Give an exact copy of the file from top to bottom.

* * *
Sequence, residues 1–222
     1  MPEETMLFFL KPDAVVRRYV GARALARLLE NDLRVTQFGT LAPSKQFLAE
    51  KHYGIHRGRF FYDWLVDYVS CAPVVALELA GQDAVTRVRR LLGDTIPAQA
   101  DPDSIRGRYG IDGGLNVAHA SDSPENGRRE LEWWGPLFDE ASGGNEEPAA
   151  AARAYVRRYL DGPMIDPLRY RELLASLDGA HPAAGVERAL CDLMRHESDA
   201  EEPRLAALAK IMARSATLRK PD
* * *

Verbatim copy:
Sequence, residues 1–222
     1  MPEETMLFFL KPDAVVRRYV GARALARLLE NDLRVTQFGT LAPSKQFLAE
    51  KHYGIHRGRF FYDWLVDYVS CAPVVALELA GQDAVTRVRR LLGDTIPAQA
   101  DPDSIRGRYG IDGGLNVAHA SDSPENGRRE LEWWGPLFDE ASGGNEEPAA
   151  AARAYVRRYL DGPMIDPLRY RELLASLDGA HPAAGVERAL CDLMRHESDA
   201  EEPRLAALAK IMARSATLRK PD